There are two things I would like to see all manufacturers add to gauge pods, color and an ambient temp gauge. Yup, I really do want to know when its twenty below zero! Both Ski-Doo and Polaris have introduced color gauges on some 2021 sleds.
The handlebar buttons are clearly laid out so you don’t have to read directions or be a member of Mensa to find the desired function. The handlebar warmers function as you would expect and yet are too hot on high.
Why is this? When its 20-below zero and you start the machine first thing in the morning it’s your best friend to have toasty handlebars, that’s why. Also, folks with circulatory issues or females tend to ride colder overall and would want hotter controls as well.
SHOT Starter Option
The SHOT starter button and reverse are one in the same, as in other BRP rides. Push to start and while running push for reverse.
The SHOT starter replaces the traditional battery, starter solenoid, starter and wires associated with electric cranking. It saves at least 20 pounds over traditional electric start.
Essentially, you start the sled once in the morning by pull-start.
The running engine then charges a super capacitor. Subsequent starts are a push button affair off the capacitor, no pull start required.
Could they at least make the ultracapacitor hold that voltage until the next morning? It worked flawlessly on my extended demo and as I always state, light is right!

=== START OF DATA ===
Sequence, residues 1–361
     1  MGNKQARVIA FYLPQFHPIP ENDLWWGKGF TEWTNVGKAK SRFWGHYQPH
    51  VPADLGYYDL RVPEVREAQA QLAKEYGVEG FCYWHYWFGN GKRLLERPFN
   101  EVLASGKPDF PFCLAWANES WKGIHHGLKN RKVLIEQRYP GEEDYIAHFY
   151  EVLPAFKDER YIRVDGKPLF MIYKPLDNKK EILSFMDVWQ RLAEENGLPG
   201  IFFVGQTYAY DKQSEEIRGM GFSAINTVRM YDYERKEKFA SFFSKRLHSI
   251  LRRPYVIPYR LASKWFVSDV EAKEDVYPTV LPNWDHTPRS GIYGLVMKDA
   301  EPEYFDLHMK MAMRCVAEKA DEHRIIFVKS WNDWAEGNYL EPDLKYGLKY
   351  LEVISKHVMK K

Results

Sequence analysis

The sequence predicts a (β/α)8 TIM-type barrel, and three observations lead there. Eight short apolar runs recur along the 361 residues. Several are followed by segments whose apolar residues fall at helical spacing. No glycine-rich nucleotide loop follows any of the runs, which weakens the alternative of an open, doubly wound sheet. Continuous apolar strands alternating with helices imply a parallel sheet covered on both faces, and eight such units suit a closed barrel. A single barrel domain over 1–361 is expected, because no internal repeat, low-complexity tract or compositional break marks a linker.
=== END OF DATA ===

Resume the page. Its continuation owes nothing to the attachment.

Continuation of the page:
I found the Brembo brakes to be quite good, although somewhat grabby. Once again, I find the lever too short. I’m old school and still remember the days of cable brakes and the death grip you had to apply to stop.
It’s a two-finger lever only and it really pulls the sled down quite smartly, especially with the added stopping power of the two-inch track. Just a light feathery feel gets the job done.
I wish manufactures would produce anti-lock brakes for snowmobiles. This would be huge as it would allow for straight-line stops as opposed to skidding sideways. Right now, rider options are to pump the brakes in panic situations.
The tether was redesigned a few years ago with a strong four-prong grip that move a few degrees in any direction so that bumps during snow maneuvers won’t kill the engine.
The throttle is an easy pull and is not fly-by-wire system like the Turbo Ace. Thank you on that one.
There are hand guards which block the wind quite nicely and low windshield which looks sporty and fits well. The handlebar grips are tacky and smaller in diameter with just the right amount of curve at each end.
Backcountry Track Length
What are other features of the machine are noteworthy? Track length is 146-inches long with two-inch powder lugs. Not something I would pick for a touring sled but the traction gained is just plain phenomenal.
Groomed hills are no match for this profile track. Normally when going up steep hills, where the snow is pushed to the side, you would get deeper into the throttle, spin the track, and dig up the trail. Not this track. It just plain grips and goes with no added throttle whatsoever. I like it.